thread: 2006-05-17 : Six straightforward examples

On 2006-05-17, Charles S wrote:


Am I reading this correctly that in your view push and pull apply to the four drama examples, and that the Fate examples are mostly there for comparison?

Because FitM doesn't feel like pull to me, but both of the DitM examples do feel like pull to me (although the group poll style feels strange because of the unfamiliar mechanic, it is definitely recognizable as a formalization of a certain style of informal interaction).

Actual DitM (group poll) is interesting, because it is pull from the acting player to the group, but it is push from the group to the player whose character goes off the roof. The first player solicits the group, the group asserts its authority and both players accept that authority.

I do think that DitM is pull, but I think that all of your examples are still very pushy, as they all involve one player trying to assert authority. The phrasing is important here, so saying "I throw you off the roof," is an assertion of authority, even if you don't actually have that authority (the right to have made that happen).

Also, unless the other player (or the group) has the right to respond by saying, "No, I think you take me out for coffee instead," then you have at least engaged in the push of "I try to throw you off the roof, deal with it," while you may be engaging in the pull of "so what happens next?" at the same time depending on the mechanics used.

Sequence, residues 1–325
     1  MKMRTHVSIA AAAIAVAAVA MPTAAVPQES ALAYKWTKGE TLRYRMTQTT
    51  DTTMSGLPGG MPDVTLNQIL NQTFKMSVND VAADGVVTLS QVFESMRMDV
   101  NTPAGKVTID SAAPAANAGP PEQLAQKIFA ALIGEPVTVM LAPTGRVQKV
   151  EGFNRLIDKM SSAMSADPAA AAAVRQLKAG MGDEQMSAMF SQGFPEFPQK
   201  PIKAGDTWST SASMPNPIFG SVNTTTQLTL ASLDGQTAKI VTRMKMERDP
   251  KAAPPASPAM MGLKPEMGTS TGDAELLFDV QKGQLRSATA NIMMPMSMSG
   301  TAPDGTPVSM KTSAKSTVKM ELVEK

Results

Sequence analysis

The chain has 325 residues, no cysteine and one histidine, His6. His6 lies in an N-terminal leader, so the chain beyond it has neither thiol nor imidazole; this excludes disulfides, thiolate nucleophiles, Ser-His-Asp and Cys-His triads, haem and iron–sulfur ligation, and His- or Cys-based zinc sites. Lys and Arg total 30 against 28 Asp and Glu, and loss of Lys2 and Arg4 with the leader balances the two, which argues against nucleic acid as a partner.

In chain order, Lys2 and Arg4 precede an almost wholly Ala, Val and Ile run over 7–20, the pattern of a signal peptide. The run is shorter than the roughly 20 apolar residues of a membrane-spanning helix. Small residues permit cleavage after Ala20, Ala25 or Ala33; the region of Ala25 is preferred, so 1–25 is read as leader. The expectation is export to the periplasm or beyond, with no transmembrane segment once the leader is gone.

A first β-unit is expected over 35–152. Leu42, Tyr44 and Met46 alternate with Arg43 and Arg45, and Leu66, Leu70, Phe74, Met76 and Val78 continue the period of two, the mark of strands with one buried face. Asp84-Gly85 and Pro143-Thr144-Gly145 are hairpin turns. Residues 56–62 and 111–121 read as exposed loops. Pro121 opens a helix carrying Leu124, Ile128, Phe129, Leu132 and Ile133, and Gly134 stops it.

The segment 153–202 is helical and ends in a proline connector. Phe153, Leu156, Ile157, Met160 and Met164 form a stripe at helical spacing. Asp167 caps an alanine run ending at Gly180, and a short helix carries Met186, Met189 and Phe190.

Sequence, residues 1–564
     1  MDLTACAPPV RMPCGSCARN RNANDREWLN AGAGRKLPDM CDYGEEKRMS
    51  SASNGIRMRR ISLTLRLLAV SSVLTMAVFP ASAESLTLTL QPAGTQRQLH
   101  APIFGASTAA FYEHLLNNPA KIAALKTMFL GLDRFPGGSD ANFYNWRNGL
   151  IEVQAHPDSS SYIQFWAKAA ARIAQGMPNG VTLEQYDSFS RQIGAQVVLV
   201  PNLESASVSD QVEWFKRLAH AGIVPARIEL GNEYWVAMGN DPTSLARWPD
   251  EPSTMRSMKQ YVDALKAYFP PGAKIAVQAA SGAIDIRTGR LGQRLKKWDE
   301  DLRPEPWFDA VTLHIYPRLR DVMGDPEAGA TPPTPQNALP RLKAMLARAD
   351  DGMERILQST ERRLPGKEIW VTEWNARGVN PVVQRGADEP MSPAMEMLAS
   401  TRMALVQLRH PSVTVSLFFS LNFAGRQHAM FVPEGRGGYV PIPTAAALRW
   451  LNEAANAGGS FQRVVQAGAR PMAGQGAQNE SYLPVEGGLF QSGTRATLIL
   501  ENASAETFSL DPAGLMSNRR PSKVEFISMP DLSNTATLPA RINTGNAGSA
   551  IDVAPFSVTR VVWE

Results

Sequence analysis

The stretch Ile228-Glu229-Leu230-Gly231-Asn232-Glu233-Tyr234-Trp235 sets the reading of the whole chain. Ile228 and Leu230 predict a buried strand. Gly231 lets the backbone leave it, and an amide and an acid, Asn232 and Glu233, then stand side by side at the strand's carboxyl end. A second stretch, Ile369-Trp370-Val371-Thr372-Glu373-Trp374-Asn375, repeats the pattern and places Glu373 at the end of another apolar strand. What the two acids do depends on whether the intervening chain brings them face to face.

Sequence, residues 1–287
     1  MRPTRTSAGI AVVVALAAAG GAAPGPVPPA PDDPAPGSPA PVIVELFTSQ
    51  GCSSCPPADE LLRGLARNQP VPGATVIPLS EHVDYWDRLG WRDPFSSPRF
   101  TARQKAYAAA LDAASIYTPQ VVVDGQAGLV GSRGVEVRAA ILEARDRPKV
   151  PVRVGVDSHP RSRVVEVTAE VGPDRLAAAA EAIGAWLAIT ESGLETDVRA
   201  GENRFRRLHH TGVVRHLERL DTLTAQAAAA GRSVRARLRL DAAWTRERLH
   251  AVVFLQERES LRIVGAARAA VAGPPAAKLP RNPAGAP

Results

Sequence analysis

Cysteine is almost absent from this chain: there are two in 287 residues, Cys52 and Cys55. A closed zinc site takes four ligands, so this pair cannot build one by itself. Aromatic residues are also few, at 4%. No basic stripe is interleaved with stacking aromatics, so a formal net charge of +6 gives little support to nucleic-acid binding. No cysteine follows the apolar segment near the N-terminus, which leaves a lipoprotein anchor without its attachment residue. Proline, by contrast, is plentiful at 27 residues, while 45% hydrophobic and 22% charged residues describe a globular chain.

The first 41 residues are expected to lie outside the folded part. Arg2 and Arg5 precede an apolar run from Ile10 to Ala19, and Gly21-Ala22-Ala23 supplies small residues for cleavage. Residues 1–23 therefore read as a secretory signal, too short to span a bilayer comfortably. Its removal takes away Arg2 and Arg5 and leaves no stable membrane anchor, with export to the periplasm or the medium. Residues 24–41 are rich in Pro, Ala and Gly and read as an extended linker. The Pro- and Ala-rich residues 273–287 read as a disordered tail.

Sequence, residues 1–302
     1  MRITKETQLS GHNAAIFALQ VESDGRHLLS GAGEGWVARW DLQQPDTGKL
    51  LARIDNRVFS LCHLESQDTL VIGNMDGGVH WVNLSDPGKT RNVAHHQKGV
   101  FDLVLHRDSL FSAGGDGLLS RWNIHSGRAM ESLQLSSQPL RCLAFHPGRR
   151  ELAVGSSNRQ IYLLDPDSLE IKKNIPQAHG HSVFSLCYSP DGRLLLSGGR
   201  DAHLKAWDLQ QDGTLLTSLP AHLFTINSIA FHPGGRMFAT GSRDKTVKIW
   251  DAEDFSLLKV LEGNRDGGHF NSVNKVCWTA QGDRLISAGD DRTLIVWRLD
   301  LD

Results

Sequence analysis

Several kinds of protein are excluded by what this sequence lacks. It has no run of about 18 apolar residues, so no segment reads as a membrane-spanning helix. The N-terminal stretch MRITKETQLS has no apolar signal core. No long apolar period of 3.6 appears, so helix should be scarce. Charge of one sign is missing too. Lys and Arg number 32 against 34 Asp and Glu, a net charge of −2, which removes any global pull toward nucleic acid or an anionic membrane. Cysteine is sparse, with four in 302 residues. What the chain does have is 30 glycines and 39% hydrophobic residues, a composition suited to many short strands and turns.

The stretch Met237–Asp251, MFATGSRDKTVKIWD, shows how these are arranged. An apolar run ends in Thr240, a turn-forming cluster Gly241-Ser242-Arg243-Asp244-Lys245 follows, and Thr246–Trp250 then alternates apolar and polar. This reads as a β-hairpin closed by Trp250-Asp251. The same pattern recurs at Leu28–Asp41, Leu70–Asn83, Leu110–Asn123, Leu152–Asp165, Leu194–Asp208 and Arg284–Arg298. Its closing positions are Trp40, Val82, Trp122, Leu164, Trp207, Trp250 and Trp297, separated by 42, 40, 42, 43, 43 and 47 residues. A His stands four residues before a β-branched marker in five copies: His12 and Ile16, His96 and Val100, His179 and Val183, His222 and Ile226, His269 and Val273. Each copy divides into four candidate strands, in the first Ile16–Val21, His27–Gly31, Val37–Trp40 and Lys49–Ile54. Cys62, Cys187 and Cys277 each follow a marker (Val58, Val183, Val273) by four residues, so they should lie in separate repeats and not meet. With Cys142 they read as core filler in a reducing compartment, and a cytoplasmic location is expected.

This makes KS go "Yes!"
Particularly the last two paragraphs; I'm still thinking hard about DitM/FitM stuff.

This makes WMW go "Remember, this whole conversation"
is predicated on p/p being attached to resolution. Sounds to me like you're still negotiating stakes.

This makes CS go "Agreed"
But if stakes negotiation is pushy (p/p is multi-level), then even a resolution involving pull can still feel pushy. If you didn't want to be in the fight in the first place, then you are less likely to view the invitation to decide whether the next punch lands as an invitation rather than a summons.

This makes...
short response
optional explanation (be brief!):

if you're human, not a spambot, type "human":